The general duties of co-chair are to make sure that meetings proceedings are written and analyzed for precision before it is passed across to the board members. As a co-chair, you must be present at orientation periods at the start of your regime. Your job further consists of collaborating with the coordinator and recent committee personnel. This is so that information can be shared with all committees as required. You have to also habitually evaluate and improve action strategies to ensure that targets and goals are achieved. In addition, you must handle or take care of the supervision of another operating team that proceeds from committee jobs. Conclusively, you must always write summaries of reports on committee actions as required.
To qualify for this role, you have to demonstrate great computer, organizational, and interpersonal skills. Also, you must be able to relate well with others. Alongside these, you need a bachelor's degree or a master's degree, although a GED or high school diploma could serve as an alternative. As a co-chair, you will earn an average of $155,669 annually or $74.84 hourly.
There is more than meets the eye when it comes to being a co-chair. For example, did you know that they make an average of $74.84 an hour? That's $155,669 a year!
Between 2018 and 2028, the career is expected to grow 7% and produce 13,500 job opportunities across the U.S.
There are certain skills that many co-chairs have in order to accomplish their responsibilities. By taking a look through resumes, we were able to narrow down the most common skills for a person in this position. We discovered that a lot of resumes listed computer skills, interpersonal skills and organizational skills.
When it comes to the most important skills required to be a co-chair, we found that a lot of resumes listed 9.6% of co-chairs included executive committee, while 8.9% of resumes included community outreach, and 7.2% of resumes included faculty meetings. Hard skills like these are helpful to have when it comes to performing essential job responsibilities.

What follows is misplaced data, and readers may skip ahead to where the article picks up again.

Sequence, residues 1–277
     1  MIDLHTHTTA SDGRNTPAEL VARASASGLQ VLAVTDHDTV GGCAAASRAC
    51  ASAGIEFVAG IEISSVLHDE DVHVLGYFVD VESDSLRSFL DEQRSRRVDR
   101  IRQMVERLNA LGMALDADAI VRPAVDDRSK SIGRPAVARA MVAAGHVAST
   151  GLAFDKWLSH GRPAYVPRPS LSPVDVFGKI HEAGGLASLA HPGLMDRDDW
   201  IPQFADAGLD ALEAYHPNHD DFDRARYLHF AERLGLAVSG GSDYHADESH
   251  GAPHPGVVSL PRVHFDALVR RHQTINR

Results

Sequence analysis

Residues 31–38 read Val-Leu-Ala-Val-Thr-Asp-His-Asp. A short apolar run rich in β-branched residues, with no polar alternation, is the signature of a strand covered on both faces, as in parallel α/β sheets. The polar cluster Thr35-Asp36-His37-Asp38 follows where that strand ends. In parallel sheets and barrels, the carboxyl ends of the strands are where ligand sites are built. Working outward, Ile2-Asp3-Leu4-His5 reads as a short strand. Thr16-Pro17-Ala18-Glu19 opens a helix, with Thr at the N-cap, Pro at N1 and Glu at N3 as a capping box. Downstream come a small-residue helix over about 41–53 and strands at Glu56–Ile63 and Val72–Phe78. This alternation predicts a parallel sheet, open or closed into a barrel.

When it comes to searching for a job, many search for a key term or phrase. Instead, it might be more helpful to search by industry, as you might be missing jobs that you never thought about in industries that you didn't even think offered positions related to the co-chair job title. But what industry to start with? Most co-chairs actually find jobs in the education and non profits industries.
If you're interested in becoming a co-chair, one of the first things to consider is how much education you need. We've determined that 71.2% of co-chairs have a bachelor's degree. In terms of higher education levels, we found that 14.8% of co-chairs have master's degrees. Even though most co-chairs have a college degree, it's impossible to become one with only a high school degree or GED.
Choosing the right major is always an important step when researching how to become a co-chair. When we researched the most common majors for a co-chair, we found that they most commonly earn bachelor's degree degrees or master's degree degrees. Other degrees that we often see on co-chair resumes include associate degree degrees or doctoral degree degrees.
You may find that experience in other jobs will help you become a co-chair. In fact, many co-chair jobs require experience in a role such as internship. Meanwhile, many co-chairs also have previous career experience in roles such as volunteer or chairperson.